‘Great Wall of cul­ture’ a great idea

China Daily (Latin America Weekly) - - Front Page - Chi­nese En­cy­clo­pe­dia, The The China En­cy­clo­pe­dia Con­tact the writer at mur­ray­greig@ chi­nadaily.com.cn

We live in an era of in­creas­ingly dumbed-down global gulli­bil­ity, when even the most out­landish pre­var­i­ca­tions take on a ve­neer of re­spectabil­ity when pref­aced with some­thing like “Ac­cord­ing to the lat­est on­line in­for­ma­tion …”

Think about it. It took less than a gen­er­a­tion for us to chris­ten the in­ter­net as the ul­ti­mate or­a­cle of Every­thing We Need To Know, while re­duc­ing old-fash­ioned re­search and in­de­pen­dent thought to Stone Age sta­tus. Our dig­i­tal de­pen­dence has be­come so per­va­sive that cit­i­zens in ev­ery cor­ner of the global vil­lage are fight­ing a daily bat­tle for in­tel­lec­tual lib­er­a­tion.

China, which has around 750 mil­lion in­ter­net users, is an ex­cep­tion. The coun­try plans to launch a home­grown on­line en­cy­clo­pe­dia in 2018 — a plat­form with the po­ten­tial to be a bul­wark against the tidal wave of Western-ori­ented pap that passes for “au­thor­i­ta­tive” in­for­ma­tion on US-based Wikipedia and its Chi­nese ver­sion, Baidu Baike.

Un­like its Western coun­ter­parts, which are con­stantly in a state of re­vi­sion be­cause their con­tent is com­piled and writ­ten by vol­un­teer am­a­teurs who of­ten lack the nec­es­sary skills, China’s home­grown repos­i­tory of on­line in­for­ma­tion will be gath­ered and writ­ten by hand-picked schol­ars.

Ac­cord­ing to a re­cent story in the South China Morn­ing Post, the en­cy­clo­pe­dia is re­ferred to as “a Great Wall of cul­ture” by Yang Muzhi, the project’s ed­i­tor-in-chief. More than 20,000 au­thors, re­cruited from univer­sity and re­search in­sti­tute staffs, have been tasked with adapt­ing and up­dat­ing data from the third print edi­tion of

cov­er­ing more than 100 dis­ci­plines. The on­line plat­form has been dubbed China’s “first dig­i­tal book of every­thing”, and will ini­tially in­clude around 300,000 en­tries, each con­sist­ing of roughly 1,000 words.

“Wikipedia has been re­garded as au­thor­i­ta­tive and ac­cu­rate, and it brands it­self as a ‘free en­cy­clo­pe­dia that any­one can edit’, which is quite be­witch­ing,” said Yang. “But we now have the big­gest, most high-qual­ity au­thor team in the world. Our goal is not to catch up, but over­take.”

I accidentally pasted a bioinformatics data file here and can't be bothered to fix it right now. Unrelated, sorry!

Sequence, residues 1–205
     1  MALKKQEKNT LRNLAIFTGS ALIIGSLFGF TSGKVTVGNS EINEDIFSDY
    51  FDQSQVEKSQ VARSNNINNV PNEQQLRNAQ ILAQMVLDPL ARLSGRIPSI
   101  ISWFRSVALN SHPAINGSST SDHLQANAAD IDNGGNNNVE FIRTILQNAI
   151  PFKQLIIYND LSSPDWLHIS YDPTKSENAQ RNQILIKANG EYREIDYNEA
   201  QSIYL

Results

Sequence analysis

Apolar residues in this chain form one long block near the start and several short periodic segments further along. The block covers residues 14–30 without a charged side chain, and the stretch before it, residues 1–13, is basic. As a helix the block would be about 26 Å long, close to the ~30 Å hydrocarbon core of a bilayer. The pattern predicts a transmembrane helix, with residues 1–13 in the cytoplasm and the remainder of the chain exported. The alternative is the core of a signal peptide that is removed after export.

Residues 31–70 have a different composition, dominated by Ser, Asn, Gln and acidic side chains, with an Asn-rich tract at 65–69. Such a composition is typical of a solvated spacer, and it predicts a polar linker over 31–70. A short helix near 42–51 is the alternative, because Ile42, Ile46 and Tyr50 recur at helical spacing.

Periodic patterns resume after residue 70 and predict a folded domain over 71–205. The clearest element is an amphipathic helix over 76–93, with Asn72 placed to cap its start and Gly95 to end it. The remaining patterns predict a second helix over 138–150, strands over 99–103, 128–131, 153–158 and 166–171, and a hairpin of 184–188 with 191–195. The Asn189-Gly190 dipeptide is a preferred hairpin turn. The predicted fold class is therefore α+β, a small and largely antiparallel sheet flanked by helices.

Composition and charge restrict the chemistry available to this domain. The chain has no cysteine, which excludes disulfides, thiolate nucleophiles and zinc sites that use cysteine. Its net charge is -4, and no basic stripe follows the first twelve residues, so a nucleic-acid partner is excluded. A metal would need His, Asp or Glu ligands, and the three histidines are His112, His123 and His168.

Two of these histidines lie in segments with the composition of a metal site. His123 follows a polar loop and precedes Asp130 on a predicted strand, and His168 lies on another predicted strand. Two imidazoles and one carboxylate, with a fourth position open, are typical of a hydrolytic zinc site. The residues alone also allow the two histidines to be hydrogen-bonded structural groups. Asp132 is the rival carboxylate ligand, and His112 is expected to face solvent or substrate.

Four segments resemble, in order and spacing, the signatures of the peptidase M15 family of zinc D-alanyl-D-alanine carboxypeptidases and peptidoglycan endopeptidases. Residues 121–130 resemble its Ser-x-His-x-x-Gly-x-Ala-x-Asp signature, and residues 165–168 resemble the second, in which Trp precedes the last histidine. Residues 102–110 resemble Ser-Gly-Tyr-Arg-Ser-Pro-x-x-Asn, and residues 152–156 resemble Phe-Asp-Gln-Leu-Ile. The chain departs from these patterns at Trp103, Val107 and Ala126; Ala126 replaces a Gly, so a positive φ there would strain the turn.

Bai Chongli, deputy head of the project, told the Post the en­cy­clo­pe­dia is the re­sult of “im­por­tant or­ders from Pres­i­dent Xi Jin­ping and an im­por­tant cul­tural de­ci­sion by the cen­tral gov­ern­ment”.

Pre­dictably, when the on­line plat­form was an­nounced by China Pub­lish­ing House ear­lier this year, Western crit­ics im­me­di­ately spec­u­lated it will re­strict in­for­ma­tion to “san­i­tized” of­fi­cial in­ter­pre­ta­tions, though there’s been no ev­i­dence of that in the print ver­sion. Around 60 of the 74 vol­umes in the first edi­tion of were re­pub­lished by a com­pany in Tai­wan with­out any changes — tes­ta­ment to its aca­demic stan­dards and ob­jec­tiv­ity.

“This is not only a book, but a knowl­edge sys­tem, which aims to pro­vide a plat­form to im­prove the na­tion’s qual­ity and pro­mote ex­changes be­tween do­mes­tic and over­seas cul­tures,” a China Pub­lish­ing House of­fi­cial said.

The Mid­dle King­dom has a mil­len­nia-old his­tory of pro­duc­ing en­cy­clo­pe­dias, in­clud­ing one com­mis­sioned by Em­peror Yon­gle of the Ming Dy­nasty in 1403 and com­pleted in 1408. Its sheer size and scope — 11,000 vol­umes, com­piled and writ­ten by 2,170 schol­ars of phi­los­o­phy, his­tory, arts and sciences — made it the world’s largest pa­per en­cy­clo­pe­dia and the envy of the West.

It seems only fit­ting that China’s dig­i­tal equiv­a­lent might achieve sim­i­lar sta­tus.


Women in eth­nic dress check their smart­phones dur­ing a visit to Tian’an­men Square in Bei­jing on Nov 6.

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